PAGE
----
The AHL switched the first round of their playoffs from a best-of-seven to a best-of-five this year, but in the process they forced some higher seeds to make a very difficult decision. The OKC Barons will start their series, v. the #8 seed Houston Aeros, on the road, despite finishing first in the western conference. The Barons are one of five teams who faced this dilemma.
This year the AHL reduced their regular season schedule from 80 games to 76, and they also extended their regular season by a week. They did this to cut down on three games-in-three-nights, and it was a wise decision. Playing three games in three nights is tough enough, but it is even harder when some teams had 4-8 hour bus trips between games.
Fewer games and an extra week to play 76 games was less taxing on the players, but the AHL didn’t want to be playing into the middle of June so they reduced the first round of the playoffs to five games. It makes sense, but there is one catch.
Five of the eight first round series matchups pit teams that are at least eight hours apart (driving), and in the case of Chicago and San Antonio they are 17 hours apart. They will travel by plane for this series. All five of the series are considered "flying" series, so these five series will be played under a 2-3 format. The higher-seeded team has the option of either playing the first two at home, and next three on the road, or they can start on the road for two and have the final three games at home.
In the Barons case, building availability played a small part as well, but the Barons ended up opting to start in Houston tomorrow and Friday, and then play at home Sunday, Tuesday and Wednesday if necessary. However, when you look at what the other four teams in the same boat as OKC chose to do, I’m not sure building availability was much of a factor.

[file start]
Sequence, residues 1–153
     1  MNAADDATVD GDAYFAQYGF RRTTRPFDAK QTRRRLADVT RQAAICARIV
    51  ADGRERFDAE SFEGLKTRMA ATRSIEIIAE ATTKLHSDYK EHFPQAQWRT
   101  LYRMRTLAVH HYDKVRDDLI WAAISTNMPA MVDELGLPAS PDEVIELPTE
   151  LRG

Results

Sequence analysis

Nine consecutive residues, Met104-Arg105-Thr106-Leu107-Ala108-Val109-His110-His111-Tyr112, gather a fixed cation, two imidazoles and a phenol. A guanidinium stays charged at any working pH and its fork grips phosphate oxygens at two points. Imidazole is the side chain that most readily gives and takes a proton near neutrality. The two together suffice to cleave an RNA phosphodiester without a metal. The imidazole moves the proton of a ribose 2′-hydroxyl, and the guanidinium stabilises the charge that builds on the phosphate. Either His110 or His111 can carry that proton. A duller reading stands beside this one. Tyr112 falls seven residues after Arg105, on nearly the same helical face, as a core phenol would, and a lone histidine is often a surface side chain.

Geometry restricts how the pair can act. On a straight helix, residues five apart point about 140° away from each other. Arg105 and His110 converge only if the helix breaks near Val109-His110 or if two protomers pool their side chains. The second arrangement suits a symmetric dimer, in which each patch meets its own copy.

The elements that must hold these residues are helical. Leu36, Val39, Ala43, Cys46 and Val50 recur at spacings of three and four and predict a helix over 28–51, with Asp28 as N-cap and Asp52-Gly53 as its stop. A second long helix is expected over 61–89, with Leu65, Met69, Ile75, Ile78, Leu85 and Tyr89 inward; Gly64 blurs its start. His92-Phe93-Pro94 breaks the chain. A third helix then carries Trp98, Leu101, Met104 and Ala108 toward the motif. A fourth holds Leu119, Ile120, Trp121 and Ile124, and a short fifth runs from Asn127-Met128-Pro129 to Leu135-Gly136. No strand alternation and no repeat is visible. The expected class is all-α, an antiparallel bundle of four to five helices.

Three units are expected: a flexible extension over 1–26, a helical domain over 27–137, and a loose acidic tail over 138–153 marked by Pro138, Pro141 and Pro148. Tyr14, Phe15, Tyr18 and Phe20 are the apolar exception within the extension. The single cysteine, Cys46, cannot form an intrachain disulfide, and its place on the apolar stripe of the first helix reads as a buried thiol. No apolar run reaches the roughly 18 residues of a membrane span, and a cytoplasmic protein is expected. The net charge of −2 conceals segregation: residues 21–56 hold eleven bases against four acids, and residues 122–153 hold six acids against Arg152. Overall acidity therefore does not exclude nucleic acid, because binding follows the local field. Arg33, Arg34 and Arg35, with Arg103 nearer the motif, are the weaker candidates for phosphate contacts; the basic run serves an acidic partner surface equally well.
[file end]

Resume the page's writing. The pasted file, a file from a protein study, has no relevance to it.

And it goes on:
Norfolk was #1 in the east and they opted for two at home and three on the road. They’ve won 28 consecutive games (not a typo, 28 freaking games in a row), so I’m sure they are confident they will sweep at home, but if they don’t, they’d have to win two of three on the road to win the series.
The remaining three "higher seeded" teams have decided to start on the road.
The 2nd seed in the east, St. Johns, will play the first two games in Syracuse and then finish the series at home.
The #3 and #4 seeds in the west, Chicago and Abbotsford, also elected to start on the road and finish with three home games.
The Barons and the other three teams still technically have "home ice advantage" because they have more home games scheduled, but it doesn’t seem quite as comfortable as starting and ending a series at home.
The three series that involve teams within close proximity of one another will use the traditional 2-2-1 format.
I asked OKC head coach Todd Nelson his thoughts on the first round. "We’ve been a very good road team all year, so we elected to start the series on the road. It is just another challenge for our team, but we’ve faced many this year and won, so I’m confident we can handle this."
OKC finished their season in San Antonio on Sunday, and instead of driving home and then back to Houston, they went straight to Houston.
It’s interesting to note that four of the five teams opted to start on the road and finish with three home games. We’ll see if they made the right decision.
HOME SWEET HOME…DON’T THINK SO
Through the first 25 games of this year’s playoffs the road team is a dominating 17-8.